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  • Jenny Kees Burgess - Service Provider - Open Employment

    The article relates to Advance Personnel, a Competitive Employment Training and Placement Agency which supports people who have disabilities into inclusive employment and is funded by the Department of Community Services and Health.

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  • Gay Boys - Employer Representative - Open Employment

    The author of this article acts as supervisor to a young man working in the Department of Defence and who has a disability.

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  • Overview of Supported Employment

    This article traces the emergence of supported employment as a result of philosophical changes in expectations for persons with disabilities, based on scientific developments that challenge traditional service-delivery models.

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  • Social Role Valorization Versus Drug Therapies

    This issue of the SRV Journal brings together a series of articles and a letter that first
    appeared in Mental Retardation as well as Wolf Wolfensberger’s lengthy and so far unpublished critique of drug therapies, which are highly relevant to anyone who serves devalued persons and particularly to those who...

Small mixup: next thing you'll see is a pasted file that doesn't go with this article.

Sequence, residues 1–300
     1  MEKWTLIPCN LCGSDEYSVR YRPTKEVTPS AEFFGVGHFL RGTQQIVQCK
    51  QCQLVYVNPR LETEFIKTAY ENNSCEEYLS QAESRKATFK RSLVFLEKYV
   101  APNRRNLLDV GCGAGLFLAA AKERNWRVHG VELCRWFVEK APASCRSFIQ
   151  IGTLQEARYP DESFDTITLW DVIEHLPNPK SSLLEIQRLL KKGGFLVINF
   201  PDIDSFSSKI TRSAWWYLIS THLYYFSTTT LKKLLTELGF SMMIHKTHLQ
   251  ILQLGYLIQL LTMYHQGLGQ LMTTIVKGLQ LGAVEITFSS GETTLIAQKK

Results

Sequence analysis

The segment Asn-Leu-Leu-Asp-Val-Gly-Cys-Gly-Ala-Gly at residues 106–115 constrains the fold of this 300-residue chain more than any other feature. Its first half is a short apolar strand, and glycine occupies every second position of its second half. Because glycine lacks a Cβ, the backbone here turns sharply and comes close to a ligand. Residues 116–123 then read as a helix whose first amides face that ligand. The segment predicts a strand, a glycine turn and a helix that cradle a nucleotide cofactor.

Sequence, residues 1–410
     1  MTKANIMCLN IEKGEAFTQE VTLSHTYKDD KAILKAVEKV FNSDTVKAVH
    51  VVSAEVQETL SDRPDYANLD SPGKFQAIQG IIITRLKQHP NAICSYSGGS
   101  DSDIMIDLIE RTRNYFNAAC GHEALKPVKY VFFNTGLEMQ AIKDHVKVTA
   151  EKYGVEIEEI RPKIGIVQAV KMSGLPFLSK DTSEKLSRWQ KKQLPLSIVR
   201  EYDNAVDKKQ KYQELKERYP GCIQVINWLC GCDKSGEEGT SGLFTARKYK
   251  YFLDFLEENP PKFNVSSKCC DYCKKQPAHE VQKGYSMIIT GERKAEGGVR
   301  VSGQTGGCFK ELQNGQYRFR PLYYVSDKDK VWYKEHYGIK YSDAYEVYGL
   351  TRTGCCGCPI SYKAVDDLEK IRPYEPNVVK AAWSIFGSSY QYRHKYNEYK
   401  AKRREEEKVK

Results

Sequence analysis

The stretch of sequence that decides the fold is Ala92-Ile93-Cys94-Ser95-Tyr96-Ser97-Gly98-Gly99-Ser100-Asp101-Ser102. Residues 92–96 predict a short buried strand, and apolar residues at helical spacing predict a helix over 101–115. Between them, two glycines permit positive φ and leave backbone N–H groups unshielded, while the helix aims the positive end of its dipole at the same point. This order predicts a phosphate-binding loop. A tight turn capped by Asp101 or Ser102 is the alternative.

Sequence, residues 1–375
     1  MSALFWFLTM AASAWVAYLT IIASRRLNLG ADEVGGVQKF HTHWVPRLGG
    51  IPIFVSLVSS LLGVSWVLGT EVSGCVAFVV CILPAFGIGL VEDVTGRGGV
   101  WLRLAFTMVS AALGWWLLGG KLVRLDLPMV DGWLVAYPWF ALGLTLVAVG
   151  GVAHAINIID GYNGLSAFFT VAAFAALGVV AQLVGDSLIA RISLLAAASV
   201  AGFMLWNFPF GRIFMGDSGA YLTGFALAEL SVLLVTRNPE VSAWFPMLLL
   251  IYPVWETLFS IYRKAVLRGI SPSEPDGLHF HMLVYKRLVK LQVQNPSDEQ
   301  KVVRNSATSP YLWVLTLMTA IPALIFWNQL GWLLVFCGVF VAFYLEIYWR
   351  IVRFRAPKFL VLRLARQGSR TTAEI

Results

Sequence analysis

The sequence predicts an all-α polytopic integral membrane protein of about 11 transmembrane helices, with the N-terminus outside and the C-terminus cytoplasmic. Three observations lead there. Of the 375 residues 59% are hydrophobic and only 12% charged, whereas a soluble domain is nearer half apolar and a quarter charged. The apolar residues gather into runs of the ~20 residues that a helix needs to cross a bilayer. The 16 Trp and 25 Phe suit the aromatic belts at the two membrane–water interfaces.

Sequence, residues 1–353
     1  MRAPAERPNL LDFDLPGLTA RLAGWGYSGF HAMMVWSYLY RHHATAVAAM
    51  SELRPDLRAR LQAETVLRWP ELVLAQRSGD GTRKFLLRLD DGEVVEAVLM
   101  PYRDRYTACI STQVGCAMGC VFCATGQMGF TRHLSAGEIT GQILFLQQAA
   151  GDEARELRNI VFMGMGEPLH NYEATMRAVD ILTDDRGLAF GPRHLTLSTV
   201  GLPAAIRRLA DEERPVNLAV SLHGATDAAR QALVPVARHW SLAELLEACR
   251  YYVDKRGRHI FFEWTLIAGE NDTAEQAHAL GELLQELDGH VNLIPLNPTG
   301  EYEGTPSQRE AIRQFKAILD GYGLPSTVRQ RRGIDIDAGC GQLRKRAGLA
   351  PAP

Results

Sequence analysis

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  • Synopsis of “Reply to Levitas et al"

    This article provides a critique of Wolfensberger’s assertion that prescription psychoactive drugs are health and life destroying for socially devalued people.  

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  • Reply To Levitas, McCandleless, Elenewski and Sobel

    In an article in the February 1994 issue of Mental Retardation, Wolfensberger briefly remarked on the neurotoxic, and health-and life-destroying, effects of prescription psychoactive drugs. In the October 1994 issue, Levitas et al.

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  • Co-operative Learning in Inclusive Classrooms: Learning to Become a Community

    In inclusive schoolrooms, striking a balance between meeting the unique needs of students with disabilities and involving them in co-operative learning activities with their peers is a challenge to many teachers.

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  • The "Butwhatabout" Kids!

    We have all heard about them - the 'yes-but' and 'whadabout' kids - who seem to challenge some teachers too much to be considered for inclusive schooling.

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  • Securing an inclusive placement: you are not alone

    After a brief description of what inclusion means ("a child with a disability, like any other child of about the same age, attending the neighbourhood school as a full member of a regular classroom"), the authors present advice to parents seeking to get a placement at their local school.

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  • Like me

    This is a really touching, simple poem written by a child sharing her feelings about a new disabled boy at school. Initially the disabled child is seen as very different, almost alien: ". . .

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